"We will strive for even higher capacity utilization than the current level of 94%. We will make the total production system leaner, faster and more flexible. We are planning on building new assembly plants to replace and consolidate older plants. The new plants will be lean and agile in every respect, operating 24 hours a day."

- John F. Smith Jr., Aug. 5, 1998

"In 1992 we had 109 models. Today we have 80. We have a product portfolio that gets us close to 70 models,"

- Ronald L. Zarrella, Aug. 4, 1998

If General Motors Corp. is operating at 94% of its capacity with 29 North American assembly plants and is planning to build new more efficient plants, then which of the automaker's existing plants are going to close?

The company's not ready to talk about that so soon after the 54-day UAW strike, but sooner or later it must.

In the interim, analysts, consultants and suppliers can speculate. Ste. Therese, Quebec, and Baltimore seem the most likely targets. Sales of the Quebec-built Chevrolet Camaro continue to sag, while Pontiac Firebird sales are up 22% this year through July. If either or both cars survive, they will likely move to a more flexible lower-cost plant tooled for a rear-drive chassis. The next iteration of the rear-drive M-van, now produced in Baltimore, will move to Wentzville, MO.

But supplier sources say GM is questioning whether any of its East Coast assembly locations, including Wilmington, DE, and Linden, NJ, are compatible with the requirements of just-in-time parts delivery. The cost of shipping engines, transmissions and body stampings from plants in the Midwest to the East Coast is prohibitive in an era of just-in-time inventory control.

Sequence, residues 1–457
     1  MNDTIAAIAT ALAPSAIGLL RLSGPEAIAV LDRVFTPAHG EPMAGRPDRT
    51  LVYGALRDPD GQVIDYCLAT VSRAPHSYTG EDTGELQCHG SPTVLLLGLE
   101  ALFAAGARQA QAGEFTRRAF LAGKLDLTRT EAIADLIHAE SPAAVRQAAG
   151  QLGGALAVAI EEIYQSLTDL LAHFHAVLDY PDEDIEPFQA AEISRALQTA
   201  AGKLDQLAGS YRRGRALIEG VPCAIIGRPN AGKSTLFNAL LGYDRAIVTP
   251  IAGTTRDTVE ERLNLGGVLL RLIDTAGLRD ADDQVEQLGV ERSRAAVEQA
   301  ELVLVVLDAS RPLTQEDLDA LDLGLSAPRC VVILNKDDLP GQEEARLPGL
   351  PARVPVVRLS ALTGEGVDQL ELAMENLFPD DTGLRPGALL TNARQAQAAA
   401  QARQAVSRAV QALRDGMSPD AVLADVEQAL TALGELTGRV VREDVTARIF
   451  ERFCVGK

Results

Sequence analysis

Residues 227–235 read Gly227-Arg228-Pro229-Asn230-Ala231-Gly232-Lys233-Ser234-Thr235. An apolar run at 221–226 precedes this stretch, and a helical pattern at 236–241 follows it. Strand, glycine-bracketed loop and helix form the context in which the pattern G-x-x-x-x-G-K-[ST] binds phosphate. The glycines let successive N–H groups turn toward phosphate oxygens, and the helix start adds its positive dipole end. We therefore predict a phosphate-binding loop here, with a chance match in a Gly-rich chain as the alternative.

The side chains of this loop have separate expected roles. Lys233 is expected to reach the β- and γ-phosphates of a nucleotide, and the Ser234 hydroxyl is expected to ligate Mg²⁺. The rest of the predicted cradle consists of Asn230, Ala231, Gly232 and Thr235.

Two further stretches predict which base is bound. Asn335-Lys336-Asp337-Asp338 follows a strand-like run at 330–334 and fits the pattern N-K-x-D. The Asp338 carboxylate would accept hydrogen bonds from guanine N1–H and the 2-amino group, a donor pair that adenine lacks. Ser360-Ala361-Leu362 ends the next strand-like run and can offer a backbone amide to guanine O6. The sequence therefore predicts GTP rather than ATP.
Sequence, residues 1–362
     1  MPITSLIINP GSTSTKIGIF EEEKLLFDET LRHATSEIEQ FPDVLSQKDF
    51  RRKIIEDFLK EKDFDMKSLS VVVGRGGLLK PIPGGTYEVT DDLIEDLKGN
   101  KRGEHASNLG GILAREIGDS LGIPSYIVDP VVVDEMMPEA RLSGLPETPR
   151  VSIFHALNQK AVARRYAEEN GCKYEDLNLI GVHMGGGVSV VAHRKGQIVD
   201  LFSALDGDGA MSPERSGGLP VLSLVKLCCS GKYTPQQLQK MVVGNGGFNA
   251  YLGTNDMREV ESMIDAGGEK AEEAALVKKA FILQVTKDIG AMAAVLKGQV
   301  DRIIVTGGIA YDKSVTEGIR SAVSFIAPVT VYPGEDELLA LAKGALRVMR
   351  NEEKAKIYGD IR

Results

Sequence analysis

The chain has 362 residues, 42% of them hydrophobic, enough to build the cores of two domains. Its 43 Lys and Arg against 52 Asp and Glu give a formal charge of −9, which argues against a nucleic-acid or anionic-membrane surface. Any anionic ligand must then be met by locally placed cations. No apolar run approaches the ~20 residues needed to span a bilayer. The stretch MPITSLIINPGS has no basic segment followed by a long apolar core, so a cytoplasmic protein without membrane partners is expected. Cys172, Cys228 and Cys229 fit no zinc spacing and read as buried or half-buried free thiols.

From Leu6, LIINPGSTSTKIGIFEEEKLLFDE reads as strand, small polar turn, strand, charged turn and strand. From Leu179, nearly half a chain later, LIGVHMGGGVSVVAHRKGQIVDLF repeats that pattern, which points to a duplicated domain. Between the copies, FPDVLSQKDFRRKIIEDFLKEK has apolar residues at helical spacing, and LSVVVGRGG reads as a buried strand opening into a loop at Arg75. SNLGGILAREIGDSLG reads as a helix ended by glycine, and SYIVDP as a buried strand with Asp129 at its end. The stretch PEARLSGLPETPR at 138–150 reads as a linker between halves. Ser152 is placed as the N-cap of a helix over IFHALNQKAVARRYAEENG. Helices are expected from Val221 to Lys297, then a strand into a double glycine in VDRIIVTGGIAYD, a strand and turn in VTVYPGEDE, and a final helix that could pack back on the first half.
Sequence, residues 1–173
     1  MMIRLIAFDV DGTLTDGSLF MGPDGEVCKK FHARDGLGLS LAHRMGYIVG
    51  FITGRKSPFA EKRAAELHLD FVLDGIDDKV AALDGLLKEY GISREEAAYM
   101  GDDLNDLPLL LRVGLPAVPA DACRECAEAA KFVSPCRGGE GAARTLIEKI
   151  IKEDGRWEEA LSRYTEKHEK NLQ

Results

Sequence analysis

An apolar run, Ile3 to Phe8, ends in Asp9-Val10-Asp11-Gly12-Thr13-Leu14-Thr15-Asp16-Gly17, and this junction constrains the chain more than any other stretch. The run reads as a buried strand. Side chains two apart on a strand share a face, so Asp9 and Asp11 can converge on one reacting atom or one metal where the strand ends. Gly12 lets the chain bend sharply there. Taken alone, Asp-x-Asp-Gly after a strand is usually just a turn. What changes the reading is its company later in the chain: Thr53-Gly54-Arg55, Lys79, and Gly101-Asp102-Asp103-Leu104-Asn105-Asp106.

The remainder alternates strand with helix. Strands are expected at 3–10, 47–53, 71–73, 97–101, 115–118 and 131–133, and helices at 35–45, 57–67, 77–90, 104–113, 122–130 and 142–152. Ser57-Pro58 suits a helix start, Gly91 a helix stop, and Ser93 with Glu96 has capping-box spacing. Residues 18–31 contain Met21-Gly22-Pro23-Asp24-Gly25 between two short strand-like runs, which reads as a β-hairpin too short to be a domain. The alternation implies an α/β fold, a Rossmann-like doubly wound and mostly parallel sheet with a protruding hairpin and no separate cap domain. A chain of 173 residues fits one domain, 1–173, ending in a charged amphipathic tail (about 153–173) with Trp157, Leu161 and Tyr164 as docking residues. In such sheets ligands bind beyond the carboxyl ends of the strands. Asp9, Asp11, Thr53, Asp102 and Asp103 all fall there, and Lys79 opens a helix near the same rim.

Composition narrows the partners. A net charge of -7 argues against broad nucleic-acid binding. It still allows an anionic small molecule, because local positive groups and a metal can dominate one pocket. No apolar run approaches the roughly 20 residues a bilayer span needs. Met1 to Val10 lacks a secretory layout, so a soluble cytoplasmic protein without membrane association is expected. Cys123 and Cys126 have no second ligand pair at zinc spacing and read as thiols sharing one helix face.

As for Chairman Smith's objective of replacing older inefficient plants with greenfield modular assembly plants, there is a lot of talking to do with the UAW before that can occur. And, union politics aside, logistically it can't happen overnight.

"It will be difficult to pull this off before 2003 or 2004," says Michael Robinet, an analyst with CSM Forecasting in Farmington Hills, MI. "Look at the incubation period for building a new plant: You usually need at least three years. By the time you buy land, get local abatements, build the factory, construct service roads, hire and train new people, we're likely not to see production out of a new plant until the 2003 model year."

The other plant facing uncertainty is Arlington, TX. The processes, body shop automation and simpler design of the GMT800 pickup trucks and the sport/utility vehicles to be built off of them are expected to generate such productivity gains that GM will need only five plants. Those will be Oshawa, Ontario, Pontiac, MI, Fort Wayne, IN, Janes-ville, WI, and Silao, Mexico.

Arlington has no plan for a contiguous stamping plant and no product assigned to it beyond the 2000 model year. - Greg Gardner